This installation explores the representation of black culture in the media. Artist Zeph Farmby reimagines the heads of four young black men as canvases for contemplating the content and underlying impact of the children’s cartoon show, Ton and Jerry. Farmby’s paintings feature a lesser known character from the series named Mammy Two Shoes, who appears in episodes as a looming and anonymous body – she is rendered with an exaggerated chest and bottom and her head is never shown.
MGM Hanna Barbara is not the only animation studio to perpetuate racist tropes, Walt Disney and other studios also make films that play off out dated orientalist; savage and patriarchic tropes that are endemic to U.S. culture and especially damaging to the formation of young consumers. This work contemplates the ways that cartoons, advertisements and other pop culture products sell themselves as naïve vehicles for telling stories, but have the power to shape an individual’s sense of self and the other.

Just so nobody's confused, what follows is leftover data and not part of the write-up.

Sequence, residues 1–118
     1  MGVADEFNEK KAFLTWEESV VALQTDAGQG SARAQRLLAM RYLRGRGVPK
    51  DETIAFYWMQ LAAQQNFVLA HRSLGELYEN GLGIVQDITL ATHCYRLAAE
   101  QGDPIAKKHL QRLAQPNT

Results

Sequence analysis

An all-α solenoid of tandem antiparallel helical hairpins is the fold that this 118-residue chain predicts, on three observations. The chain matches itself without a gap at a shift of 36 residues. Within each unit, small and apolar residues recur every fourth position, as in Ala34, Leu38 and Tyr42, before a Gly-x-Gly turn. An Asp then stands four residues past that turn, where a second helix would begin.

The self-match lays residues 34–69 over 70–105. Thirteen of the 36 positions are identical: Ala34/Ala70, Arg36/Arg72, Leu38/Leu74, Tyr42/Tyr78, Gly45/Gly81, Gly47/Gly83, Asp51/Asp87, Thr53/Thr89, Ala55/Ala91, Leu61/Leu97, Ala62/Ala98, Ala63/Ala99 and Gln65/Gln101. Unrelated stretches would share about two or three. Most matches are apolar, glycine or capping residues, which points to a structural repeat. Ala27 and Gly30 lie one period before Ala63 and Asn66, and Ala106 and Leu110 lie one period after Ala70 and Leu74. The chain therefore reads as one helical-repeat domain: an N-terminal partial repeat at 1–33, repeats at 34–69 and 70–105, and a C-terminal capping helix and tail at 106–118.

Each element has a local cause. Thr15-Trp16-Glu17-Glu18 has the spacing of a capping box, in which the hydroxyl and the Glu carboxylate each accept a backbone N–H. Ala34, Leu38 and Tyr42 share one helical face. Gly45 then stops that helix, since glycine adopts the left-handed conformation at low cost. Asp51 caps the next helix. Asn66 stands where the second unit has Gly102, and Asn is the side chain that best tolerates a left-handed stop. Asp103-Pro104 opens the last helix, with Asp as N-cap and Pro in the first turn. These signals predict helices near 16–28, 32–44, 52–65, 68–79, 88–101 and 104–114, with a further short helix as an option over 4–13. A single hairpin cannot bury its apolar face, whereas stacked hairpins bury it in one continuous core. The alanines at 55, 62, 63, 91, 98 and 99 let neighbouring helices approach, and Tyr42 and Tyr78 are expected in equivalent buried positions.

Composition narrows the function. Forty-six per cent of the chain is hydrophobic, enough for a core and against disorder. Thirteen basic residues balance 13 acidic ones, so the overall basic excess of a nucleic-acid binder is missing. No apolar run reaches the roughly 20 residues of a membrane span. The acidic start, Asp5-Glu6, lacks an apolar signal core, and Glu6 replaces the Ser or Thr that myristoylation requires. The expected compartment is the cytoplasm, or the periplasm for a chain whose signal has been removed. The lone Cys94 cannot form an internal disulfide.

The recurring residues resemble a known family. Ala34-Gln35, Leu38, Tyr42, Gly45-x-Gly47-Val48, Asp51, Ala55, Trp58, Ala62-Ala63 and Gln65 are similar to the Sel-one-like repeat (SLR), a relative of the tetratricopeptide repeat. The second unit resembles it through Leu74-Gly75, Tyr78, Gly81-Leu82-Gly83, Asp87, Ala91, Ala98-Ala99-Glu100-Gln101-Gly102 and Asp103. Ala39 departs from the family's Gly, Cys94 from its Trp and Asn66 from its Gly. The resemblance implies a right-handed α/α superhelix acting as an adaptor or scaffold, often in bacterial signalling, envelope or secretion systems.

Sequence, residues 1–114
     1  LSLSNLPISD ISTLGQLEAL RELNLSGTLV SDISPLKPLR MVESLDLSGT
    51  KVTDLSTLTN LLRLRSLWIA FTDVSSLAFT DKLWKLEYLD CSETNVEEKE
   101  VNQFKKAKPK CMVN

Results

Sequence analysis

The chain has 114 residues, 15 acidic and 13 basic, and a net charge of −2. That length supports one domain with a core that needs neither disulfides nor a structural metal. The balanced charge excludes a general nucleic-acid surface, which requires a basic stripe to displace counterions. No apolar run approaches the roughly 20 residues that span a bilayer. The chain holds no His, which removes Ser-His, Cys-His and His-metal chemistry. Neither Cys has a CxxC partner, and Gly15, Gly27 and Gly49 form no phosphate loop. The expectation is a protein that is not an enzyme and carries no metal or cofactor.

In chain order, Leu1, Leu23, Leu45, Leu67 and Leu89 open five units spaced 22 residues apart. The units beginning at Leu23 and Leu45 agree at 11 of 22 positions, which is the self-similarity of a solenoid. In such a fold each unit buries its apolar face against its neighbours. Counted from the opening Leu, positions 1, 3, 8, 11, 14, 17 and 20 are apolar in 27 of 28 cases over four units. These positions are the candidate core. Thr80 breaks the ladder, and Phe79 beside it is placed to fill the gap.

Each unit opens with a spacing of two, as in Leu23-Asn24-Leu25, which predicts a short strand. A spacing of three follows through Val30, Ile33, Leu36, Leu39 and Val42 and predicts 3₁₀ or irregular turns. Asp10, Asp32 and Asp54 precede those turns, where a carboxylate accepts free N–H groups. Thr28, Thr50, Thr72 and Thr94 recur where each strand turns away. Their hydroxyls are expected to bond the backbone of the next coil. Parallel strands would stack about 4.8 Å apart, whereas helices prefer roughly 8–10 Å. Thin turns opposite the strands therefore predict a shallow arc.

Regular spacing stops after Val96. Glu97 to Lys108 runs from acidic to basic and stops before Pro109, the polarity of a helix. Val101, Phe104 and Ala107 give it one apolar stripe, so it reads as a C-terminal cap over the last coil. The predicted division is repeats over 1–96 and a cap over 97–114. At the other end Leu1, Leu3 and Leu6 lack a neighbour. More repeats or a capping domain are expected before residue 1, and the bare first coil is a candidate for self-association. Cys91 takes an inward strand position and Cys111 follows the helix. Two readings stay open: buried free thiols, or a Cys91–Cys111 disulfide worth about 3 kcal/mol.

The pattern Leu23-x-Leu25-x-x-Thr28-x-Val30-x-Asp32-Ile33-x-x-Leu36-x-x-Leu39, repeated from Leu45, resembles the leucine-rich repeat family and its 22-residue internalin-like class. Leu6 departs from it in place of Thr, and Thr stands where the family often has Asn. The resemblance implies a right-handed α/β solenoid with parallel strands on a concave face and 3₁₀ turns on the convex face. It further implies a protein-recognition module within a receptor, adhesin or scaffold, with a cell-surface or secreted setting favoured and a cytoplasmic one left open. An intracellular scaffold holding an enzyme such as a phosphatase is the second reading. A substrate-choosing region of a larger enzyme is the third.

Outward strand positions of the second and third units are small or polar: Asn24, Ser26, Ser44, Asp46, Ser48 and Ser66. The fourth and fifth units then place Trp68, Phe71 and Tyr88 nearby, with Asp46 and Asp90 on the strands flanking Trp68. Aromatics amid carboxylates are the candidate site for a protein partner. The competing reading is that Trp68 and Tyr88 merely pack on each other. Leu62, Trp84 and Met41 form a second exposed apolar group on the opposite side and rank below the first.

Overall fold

Born and raised in Chicago, Zeph Farmby is a multi-disciplined artist and activist and Artspace’s 2017-18 Artist-in-Residence. He started his career as a graffiti artist, covering the city of Chicago with his visions. His “Eat The Rich” painting, murals, teachings , and art on apparel extends his creativity to all walks of life; the message is usually anti-greed, anti-capitalism and/or anti-establishment focused. Zeph is currently living and working in Brooklyn, NY.